8. The main thing is paper-focused discussion, although I think it can expand beyond that. Also, there should be a good mechanism for indexing papers and topics, by appropriate tagging of discussions. kernel-machines.org, seems to be too unstructured; it has pages and pages of discussions on miscellaneous topics, with the ones that fall off the bottom of the page being forgotten. I’d like to be able to easily find the discussion relating to a certain paper, or find all discussions in which a certain paper is mentioned (and this isn’t just for vanity searching :), and to search by tags or combinations of tags. Ideally, there’d be links from citation indicies: find the paper you want on Google Scholar or Rexa, and then go directly to the discussion on that paper. There should also be a mechanism for “watching” discussions that you’re interested in.

    I think paper-focused discussion is a related, but somewhat distinct goal from general-purpose discussion, one for which specific tools (and longevity of discussion) would be useful.

    The other thing which, I think, is different, is the idea of boostrapping the discussion by incorporating it into group meetings/seminar classes.

  9. That does look relevant, and the source code is available.

  10. Allan Erskine says:

    I think this is a very interesting topic. For my part I can recommend Plone as a simple yet full-featured web publishing system. I have set it up as an intranet wiki/CMS at two different companies, and have found it to require little or no maintenence once up.

    Lots of interesting projects in the Java space too, particularly those backing the JSR 170 standard. Magnolia seems to be worth special mention for it’s useability. The reason to consider a site backed by a standard is that is protects the investment of the community.

    As for smaller systems, eg the MoveableType(?)/itex-module combo that powers the n-Category cafe, my guess is that they will not be extensible enough to provide a solid foundation for your worthy goals.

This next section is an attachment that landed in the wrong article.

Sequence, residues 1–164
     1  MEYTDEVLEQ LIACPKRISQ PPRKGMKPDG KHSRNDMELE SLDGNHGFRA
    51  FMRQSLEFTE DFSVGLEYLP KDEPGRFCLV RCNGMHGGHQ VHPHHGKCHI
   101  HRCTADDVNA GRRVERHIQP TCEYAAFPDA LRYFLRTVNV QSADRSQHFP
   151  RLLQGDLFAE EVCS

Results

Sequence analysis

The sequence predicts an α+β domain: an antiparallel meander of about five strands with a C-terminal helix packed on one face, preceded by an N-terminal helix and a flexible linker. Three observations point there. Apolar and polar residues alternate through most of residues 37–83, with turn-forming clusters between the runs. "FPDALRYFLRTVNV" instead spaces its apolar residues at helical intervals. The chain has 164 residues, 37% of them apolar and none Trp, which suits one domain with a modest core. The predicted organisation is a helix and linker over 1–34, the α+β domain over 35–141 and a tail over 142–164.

To really get something up and running which incorporates all the features you mentioned will require a fair old effort. It could be a great project for Google’s 2007 summer of code. (Or Yahoo’s equivalent!)

  11. KaraNagai says:

    I did not know that it is open source project. If it is, that could be an interesting point to start from.

  12. jl says:

    Even using firefox, I run into difficulties here. The problem is that the appropriate mathml fonts are missing by default (and presumably missing for many others).

  13. Greg Wilson says:

    Readers may be interested in the report Jon Udell prepared for Los Alamos National Laboratory titled “Internet Groupware for Scientific Collaboration”. The URL is http://207.22.26.166/GroupwareReport.html (or you can Google for the title terms).

  14. Phil Cowans says:

    I’d be very intersted in something along these lines. I think an important aspect would be to persuade people to use it as an everyday part of doing research, rather than an ‘external’ project. Making it easy to present maths is definitely important, but not the end of the story. I guess what I have in mind is a kind of wiki where the original page is based on the paper itself, and where notes/comments/discussion can easily be tied to particular sections. It would be great to be able to visually cross-reference particular sections to other papers, so that people can keep the links up to date as new papers are published or people find old papers which the original authors didn’t know about. I’d imagine that people would want various degrees of sharing – personal notes, shared information within research groups and fully public annotations, but probably with an encouragement to discuss things publicly.

  15. Yes, but downloading the mathml fonts is the work of a few moments.

    More important than the software are the personnel and their methods of engendering debate. It’s critical to delete comments quickly which are irrelevant, crackpot, etc. Also keeping the tone respectful is vital: agonism not antagonism. But perhaps the most important lesson I’ve learned is that the best threads occur when a handful of people, and perhaps only 2 or 3, have a reasonably clear conception of what they’re looking for, and one person keeps the conversation on track, summing up where you’ve got to so far, and setting the course for the next phase.

  16. hyip says:

    hmmm the four examples given are quite depressing … Wikipedia::Machine Learning is a bunch of abandoned drafts of articles written mostly by students (it appears). MLpedia is a collection of stubs. kernel-machines.org – a nice collection of three-year-old news. Rexa – apparently the most useless publication search engine – the only one which manages to get the authors names wrong. So I agree with the post – there’s a long way to go till we have online research tools which can make impact

  17. zslevi says:

    What about Scholarpedia?